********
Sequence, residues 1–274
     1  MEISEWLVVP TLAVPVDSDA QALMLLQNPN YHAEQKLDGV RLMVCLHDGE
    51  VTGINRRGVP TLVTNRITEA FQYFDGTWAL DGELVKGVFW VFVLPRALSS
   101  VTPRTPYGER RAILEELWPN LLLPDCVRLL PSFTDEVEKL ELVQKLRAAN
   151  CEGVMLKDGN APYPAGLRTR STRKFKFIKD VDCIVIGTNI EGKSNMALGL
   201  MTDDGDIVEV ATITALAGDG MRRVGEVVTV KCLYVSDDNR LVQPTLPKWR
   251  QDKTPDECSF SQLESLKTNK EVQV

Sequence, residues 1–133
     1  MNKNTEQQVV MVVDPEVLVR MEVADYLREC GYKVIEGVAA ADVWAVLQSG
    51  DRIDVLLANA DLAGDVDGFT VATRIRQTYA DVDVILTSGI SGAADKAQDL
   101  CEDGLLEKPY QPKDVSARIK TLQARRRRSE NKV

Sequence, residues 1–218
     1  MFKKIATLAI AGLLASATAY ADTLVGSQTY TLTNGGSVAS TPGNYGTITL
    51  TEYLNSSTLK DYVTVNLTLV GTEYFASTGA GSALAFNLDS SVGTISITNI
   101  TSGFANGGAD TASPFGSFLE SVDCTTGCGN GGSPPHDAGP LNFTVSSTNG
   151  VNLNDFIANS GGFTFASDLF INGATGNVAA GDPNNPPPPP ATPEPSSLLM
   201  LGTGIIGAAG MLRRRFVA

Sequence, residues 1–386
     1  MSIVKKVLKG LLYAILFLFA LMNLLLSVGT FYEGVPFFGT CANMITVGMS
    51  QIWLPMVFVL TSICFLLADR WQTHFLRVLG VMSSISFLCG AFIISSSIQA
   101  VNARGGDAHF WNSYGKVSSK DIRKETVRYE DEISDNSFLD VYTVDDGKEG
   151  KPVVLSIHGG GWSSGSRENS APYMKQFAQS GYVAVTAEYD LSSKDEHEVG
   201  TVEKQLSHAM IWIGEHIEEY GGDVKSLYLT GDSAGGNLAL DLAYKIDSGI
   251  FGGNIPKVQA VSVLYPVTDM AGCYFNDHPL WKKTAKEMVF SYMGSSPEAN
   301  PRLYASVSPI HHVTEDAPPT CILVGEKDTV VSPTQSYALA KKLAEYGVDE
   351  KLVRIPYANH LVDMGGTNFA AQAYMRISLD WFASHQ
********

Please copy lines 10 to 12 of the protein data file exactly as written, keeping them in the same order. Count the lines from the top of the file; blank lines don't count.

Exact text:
    51  DRIDVLLANA DLAGDVDGFT VATRIRQTYA DVDVILTSGI SGAADKAQDL
   101  CEDGLLEKPY QPKDVSARIK TLQARRRRSE NKV

Sequence, residues 1–218